Oats are packed with nutritional goodness. They are rich in vitamins and minerals and great for lowering blood pressure. Oats also help manage weight loss as they are full of soluble fibre that keep you satisfied for longer.
Strain Greek yoghurt, which is already strained, even more and you get labneh (laben in Somali), a popular Middle Eastern and North African breakfast dish. It is a great alternative to cream cheese and spreads easily on bread.
Brown rice has never really been part of my diet, but after trying this delicious dish I knew it was going to be a regular part of my culinary repertoire. Its nutty goodness is a bonus too.
I was beyond flattered when I given the daunting challenge of putting my own twist to the famous chef Tal Ronnen’s vegan menu at the Wynn Luxury Resort in Las Vegas.
This nutritious salad with its nutty and earthy taste is not only filling, but looks pretty good on the plate. I also love the fact that something so delicious can also be healthy.
I enjoy giving tradition a new twist so when a Vietnamese friend served me some vegetables in a lettuce cup I thought I would try that idea on Somali food. Combining meat and salad seemed like a good way to go and my suqaar lettuce cup recipe was born.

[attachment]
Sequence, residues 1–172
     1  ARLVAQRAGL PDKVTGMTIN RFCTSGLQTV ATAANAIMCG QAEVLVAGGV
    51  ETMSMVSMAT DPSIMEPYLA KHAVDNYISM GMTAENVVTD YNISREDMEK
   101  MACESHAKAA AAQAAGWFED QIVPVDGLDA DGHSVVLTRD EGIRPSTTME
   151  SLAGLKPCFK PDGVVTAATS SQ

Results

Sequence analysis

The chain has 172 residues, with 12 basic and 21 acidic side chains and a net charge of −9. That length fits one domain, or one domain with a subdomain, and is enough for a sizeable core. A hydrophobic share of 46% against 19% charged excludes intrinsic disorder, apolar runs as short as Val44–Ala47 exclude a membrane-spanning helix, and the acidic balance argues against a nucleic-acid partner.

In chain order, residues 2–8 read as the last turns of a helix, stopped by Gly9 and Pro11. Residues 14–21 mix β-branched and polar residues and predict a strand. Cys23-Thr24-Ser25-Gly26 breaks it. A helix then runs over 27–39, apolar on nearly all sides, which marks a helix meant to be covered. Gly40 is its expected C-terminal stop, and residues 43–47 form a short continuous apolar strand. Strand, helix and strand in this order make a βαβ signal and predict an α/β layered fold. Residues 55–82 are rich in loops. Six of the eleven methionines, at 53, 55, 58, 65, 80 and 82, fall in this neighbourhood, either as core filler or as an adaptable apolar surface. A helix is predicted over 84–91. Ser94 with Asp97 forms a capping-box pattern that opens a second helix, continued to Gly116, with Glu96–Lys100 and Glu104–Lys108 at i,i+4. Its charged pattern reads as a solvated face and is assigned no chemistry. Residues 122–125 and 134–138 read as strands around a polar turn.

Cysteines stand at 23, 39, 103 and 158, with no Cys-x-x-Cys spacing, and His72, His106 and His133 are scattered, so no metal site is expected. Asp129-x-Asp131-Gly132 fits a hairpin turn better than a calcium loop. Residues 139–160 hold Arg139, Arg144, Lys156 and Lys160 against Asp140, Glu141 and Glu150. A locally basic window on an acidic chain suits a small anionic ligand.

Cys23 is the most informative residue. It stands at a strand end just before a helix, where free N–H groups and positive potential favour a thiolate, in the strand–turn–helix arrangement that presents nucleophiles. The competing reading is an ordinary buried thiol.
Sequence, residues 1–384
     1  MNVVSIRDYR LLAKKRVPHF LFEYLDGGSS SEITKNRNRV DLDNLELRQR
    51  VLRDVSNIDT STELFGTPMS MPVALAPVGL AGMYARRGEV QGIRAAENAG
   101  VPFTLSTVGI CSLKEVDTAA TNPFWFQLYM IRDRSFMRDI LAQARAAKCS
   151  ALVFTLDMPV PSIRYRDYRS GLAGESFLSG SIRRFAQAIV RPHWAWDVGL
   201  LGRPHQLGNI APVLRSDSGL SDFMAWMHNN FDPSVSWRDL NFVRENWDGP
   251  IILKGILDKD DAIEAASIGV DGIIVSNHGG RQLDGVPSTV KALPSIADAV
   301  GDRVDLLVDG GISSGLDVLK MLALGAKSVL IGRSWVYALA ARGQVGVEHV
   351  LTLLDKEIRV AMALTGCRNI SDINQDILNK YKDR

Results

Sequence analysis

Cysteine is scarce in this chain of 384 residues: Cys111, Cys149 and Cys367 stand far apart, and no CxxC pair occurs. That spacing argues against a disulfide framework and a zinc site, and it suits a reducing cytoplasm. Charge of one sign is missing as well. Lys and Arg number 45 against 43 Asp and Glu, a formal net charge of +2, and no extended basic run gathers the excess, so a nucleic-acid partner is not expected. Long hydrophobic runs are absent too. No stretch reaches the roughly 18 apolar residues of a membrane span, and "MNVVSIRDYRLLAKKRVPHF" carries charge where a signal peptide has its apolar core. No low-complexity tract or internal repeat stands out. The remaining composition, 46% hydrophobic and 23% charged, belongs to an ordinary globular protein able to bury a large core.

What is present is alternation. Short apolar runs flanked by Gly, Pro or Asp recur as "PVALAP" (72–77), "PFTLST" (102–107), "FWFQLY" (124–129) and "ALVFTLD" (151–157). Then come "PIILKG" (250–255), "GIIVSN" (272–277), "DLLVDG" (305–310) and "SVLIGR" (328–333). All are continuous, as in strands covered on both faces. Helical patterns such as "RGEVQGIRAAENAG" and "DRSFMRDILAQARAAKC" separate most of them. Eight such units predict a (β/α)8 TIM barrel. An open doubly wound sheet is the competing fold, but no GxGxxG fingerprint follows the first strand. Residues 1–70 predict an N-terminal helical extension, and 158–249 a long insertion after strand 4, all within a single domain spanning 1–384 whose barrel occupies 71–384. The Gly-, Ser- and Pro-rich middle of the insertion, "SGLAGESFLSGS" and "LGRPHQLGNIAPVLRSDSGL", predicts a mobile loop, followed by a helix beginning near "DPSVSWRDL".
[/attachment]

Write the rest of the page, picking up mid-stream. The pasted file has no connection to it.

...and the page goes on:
Icun in Somali means ‘eat me’ and believe me you will eat and eat these crumbly shortbread biscuits that just melt in the mouth. They are usually made for festive days, but in our household we don’t wait for a special day. Any day and everyday is icun day!
Chef Jamal Hashi, co-owner (with his brother Sade Hashi) of Safari Express East African Restaurant in Minneapolis, Minnesota says: “I owe it to the Italians that I make a great marinara.” Hashi was born and raised in Mogadishu, the capital of Somalia, and immigrated to the US with his family as a teenager.
This vegetable hotpot is packed with goodness and is super tasty too. You literally chuck everything into one pot and cook away, making it one of the easiest dishes you could make.
This stiff, porridge like dish made from maize flour and water is practically the national dish in many African countries. In Somali we call this African dish soor. It is usually eaten using the hand. You pick up a small amount using three fingers and form a ball to scoop vegetables or meat. It won’t take long to get the hang of eating this way, but do take your time if you are eating with me as I usually get a kick watching novices try!